Tuesday, 31 December 2013

Another year over……

It's the last day of 2013 and tomorrow it will be 2014.

Another year over….. a new one about to begin.


Inevitably it's at this time of year when we all reflect on what has happened in the past 12 months and start to look forward to what we might hope to do and achieve in the next 12 months. From a purely personal point of view 2013 will never be forgotten and I have already been mentioned the reasons why in an earlier entry called 'Three Crosses'.

On a happier note in September I realised a long held personal ambition and walked the South Downs Way with my nephew from Winchester to Eastbourne - a total of 100 miles. This was never intended to be a photographic expedition, but the camera came out on a regular basis so I was able to capture the beauty of this part of the world.

Seven Sisters
The Seven Sisters
The 'home' straight of The South Downs Way
I do not think that I have spent as much time developing my photography this year as perhaps I would have wished but I do believe my work has continued to improve. I certainly learnt some new techniques and skills when I spent a few days in the Lake District in the company of Paul Gallagher and many of the images made during this time have given me a great deal of pleasure.

Wastwater Rocks
Wastwater in The Lake District

If my Flickr stats are anything to go by I have certainly continued to take a good number of images and in the process I have endeavoured to take a more creative approach, a trend which I am sure will continue into 2014. Almost without exception all of my photographs this past year have been in monochrome. I expect this will also be the case next year, but who knows, colour may start to feature.

And so to 2014. In the last few weeks I have been giving some time and thought to what I would like to do phtographically in the next 365 days, so here goes!

1. More photographs and less 'GAS'! (Gear Addiction Syndrome - to the uninitiated)

I have to admit that I spend a lot of time reading reviews about the latest camera equipment, particularly cameras, their makers lenses and the pros and cons of one system over another. It's all very interesting and I have found that the internet is full of very opinionated people which makes for good reading. On the downside 'GAS' can be very expensive and as I have often said in the past, it is the photographer who makes the image, not the equipment.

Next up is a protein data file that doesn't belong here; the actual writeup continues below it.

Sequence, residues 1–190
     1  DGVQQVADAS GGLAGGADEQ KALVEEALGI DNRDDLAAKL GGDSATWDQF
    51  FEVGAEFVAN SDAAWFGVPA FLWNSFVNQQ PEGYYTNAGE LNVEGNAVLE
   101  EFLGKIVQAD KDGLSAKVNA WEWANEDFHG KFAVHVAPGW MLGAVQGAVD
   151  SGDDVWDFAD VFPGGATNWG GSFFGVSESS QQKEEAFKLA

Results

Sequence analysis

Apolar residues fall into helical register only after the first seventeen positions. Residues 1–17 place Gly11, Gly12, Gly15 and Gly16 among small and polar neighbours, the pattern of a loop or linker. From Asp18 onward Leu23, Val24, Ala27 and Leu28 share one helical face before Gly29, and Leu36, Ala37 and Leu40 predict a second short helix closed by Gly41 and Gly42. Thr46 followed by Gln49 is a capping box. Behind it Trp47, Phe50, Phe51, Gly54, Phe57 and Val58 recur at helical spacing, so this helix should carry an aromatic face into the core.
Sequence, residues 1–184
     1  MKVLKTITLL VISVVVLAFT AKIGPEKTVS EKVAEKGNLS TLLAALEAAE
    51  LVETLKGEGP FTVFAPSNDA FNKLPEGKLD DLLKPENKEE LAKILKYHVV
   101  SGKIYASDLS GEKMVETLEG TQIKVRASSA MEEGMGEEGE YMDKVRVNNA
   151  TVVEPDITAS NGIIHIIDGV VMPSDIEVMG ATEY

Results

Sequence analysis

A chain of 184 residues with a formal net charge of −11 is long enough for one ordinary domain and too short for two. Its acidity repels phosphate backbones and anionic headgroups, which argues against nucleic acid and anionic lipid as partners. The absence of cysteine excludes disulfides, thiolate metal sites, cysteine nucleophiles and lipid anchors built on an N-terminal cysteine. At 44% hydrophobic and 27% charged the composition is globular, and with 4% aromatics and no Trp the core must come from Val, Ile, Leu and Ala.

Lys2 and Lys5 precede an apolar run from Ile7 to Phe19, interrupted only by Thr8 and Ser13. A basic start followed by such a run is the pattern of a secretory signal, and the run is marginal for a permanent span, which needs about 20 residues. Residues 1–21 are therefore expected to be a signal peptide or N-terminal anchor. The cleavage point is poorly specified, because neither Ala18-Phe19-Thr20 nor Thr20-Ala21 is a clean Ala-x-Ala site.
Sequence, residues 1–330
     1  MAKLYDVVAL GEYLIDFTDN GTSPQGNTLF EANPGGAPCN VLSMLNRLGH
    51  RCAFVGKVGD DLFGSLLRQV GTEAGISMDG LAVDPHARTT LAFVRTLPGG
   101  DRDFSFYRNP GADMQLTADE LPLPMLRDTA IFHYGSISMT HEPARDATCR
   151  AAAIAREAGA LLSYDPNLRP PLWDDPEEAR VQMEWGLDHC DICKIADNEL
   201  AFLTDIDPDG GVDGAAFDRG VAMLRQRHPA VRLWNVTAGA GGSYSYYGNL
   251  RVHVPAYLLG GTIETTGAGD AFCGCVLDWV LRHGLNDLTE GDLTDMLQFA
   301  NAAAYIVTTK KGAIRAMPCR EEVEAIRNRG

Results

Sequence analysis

A famous quote by Ansel Adams reads - "The most important component of the camera is twelve inches behind it." Enough said!

I am fortunate to have some excellent equipment so I shall be using what I have and try not to fantasise about what I don't have. It wastes time which could be better spent taking more photographs, improving my processing techniques or studying the work of more talented photographers. This research into other cameras and lenses has though helped me decide on my system of choice for the future which brings me on nicely to my second point.

2. It's time to ditch the Nikon gear

In the past year I have been using two camera systems but during this time I have found that only one system really works for me and the other frankly does not.

When I first became serious about photography I started using a Nikon APSC DSLR and various lenses, but since buying the Olympus OMD EM5 some 18 months ago, together with some truly excellent lenses for the Micro 4/3rds system, the Nikon gear has been gathering dust. So after much deliberation it's time to say good bye to Nikon.  All of the equipment has been packed away in their original boxes ready for sale. In its place I will be investing in the new Olympus OMD EM1, the first truly professional specified camera for Micro 4/3rds. I will probably also add a couple of prime lenses to my collection and keep the EM5 as a spare body. Luckily these two cameras share the same battery which is an advantage.

The Olympus OMD EM5, and Olympus 17mm f1.8
My system of choice for 2014

3. Work on a project

Since achieving my LRPS Distinction in December 2012 I have been saying to myself that I must start to concentrate on a specific genre of photography and quite probably a specific subject or theme. It did not happen in 2013 but I plan to change that in 2014. I believe this approach will both hone and enhance my skills and in time provide me with a portfolio which I might want to consider as an appropriate panel of work for an ARPS submission. This plan also leads me to my next point.

4. To publish a book

This sounds rather grand but in truth you can 'self publish' a photo book pretty easily these days using one of many online publishing companies. I have already considered two possible suppliers - Blurb and Bob Books. I have downloaded their software which is required to design the book. I shall compare these and others before making a final decision as to which to use, taking into consideration, possible book sizes, paper, quality of reproduction, the software itself and of course the cost. I may even decide on a couple to 'test runs' with both companies of the same series of images to see which I prefer.